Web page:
The Lady in the Van (2015)
“The writer is double”, Alan Bennett explains. “There is the self who does the writing and there is the self who does the living.” There’s the Bennett who sits at his desk, wryly commenting on the proceedings as they parade past his window, and there's the other Bennett who actually doesn’t do that much living at all. He's too busy arguing with and caring for the lady in the van.
Miss Shepherd is homeless, a brief prologue hinting at a possible reason why. The residents of Camden Town tolerate her presence as it serves to assuage their collective guilt. For her part, Miss Shepherd tolerates the residents, but only barely. Gifts of food, clothing and Christmas presents are begrudgingly accepted. However, should anybody play music within her vicinity, she shows her displeasure by abruptly upping sticks and parking elsewhere. “Madam’s on the move” the neighbours cry, secretly rejoicing the lady is about to park her van outside somebody else's house. Which is where Alan Bennett steps in. Concerned for her safety after some local louts harass her, Bennett invites Miss Shepherd to park in his driveway for a few months. She stays for the next fifteen years.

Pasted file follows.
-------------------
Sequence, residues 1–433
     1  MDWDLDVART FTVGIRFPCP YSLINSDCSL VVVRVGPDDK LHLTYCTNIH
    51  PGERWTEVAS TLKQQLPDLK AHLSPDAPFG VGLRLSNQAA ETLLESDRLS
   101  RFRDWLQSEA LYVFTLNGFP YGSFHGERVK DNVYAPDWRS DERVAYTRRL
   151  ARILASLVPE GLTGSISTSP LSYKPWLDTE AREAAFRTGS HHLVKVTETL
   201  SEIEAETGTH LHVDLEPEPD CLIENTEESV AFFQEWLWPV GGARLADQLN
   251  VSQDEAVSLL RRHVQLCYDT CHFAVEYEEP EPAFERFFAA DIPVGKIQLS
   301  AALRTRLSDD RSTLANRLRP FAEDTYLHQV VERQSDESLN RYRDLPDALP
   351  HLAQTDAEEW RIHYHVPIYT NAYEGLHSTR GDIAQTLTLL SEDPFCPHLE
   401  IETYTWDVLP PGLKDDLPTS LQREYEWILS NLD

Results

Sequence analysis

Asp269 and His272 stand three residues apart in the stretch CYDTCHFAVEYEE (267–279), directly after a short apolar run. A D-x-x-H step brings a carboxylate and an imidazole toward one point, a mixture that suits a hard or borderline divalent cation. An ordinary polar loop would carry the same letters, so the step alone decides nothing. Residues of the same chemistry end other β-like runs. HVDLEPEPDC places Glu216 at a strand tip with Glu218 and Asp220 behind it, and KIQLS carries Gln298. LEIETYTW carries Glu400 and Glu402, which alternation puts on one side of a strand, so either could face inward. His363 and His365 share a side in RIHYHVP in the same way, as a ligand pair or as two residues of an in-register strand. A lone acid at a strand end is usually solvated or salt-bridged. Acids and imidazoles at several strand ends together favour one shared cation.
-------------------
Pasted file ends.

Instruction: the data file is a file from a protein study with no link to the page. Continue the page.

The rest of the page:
Though the interaction between Bennett and Miss Shepherd provides the main narrative for this film, it is the banter between the duelling Bennetts that underscores this farce. The writer, observing his alter ego faltering against unreasonable logic, generates many laugh out loud moments with his pointed narration. Alex Jennings gives a wonderfully understated performance in both roles through unobtrusive yet effective visual effects. It is a delightful conceit, perfectly executed.
As for Maggie Smith, she unsurprisingly shines in a tailor-made role which she had previously portrayed on stage and radio. Having provided the raw material for Bennett’s memoir, book, stage play, radio play and now this film, one could argue that the lady in the van certainly repaid the writer’s act of kindness many times over.
as Alan Bennett
as Alan Bennett
"They call not telling the truth 'lying,' but 'the imagination' would be a kinder way of putting it, with Alan Bennett the writer finally winning through to make Miss Shepherd talk of her past (as she never actually did) and even to bring her back from the dead in order to take her bodily up to heaven (also imaginary). These departures from the facts were genuinely hard-won and took some coming to, causing me to reflect, not for the first time, that the biggest handicap for a writer is to have had a decent upbringing."
No scene recreations in this biopic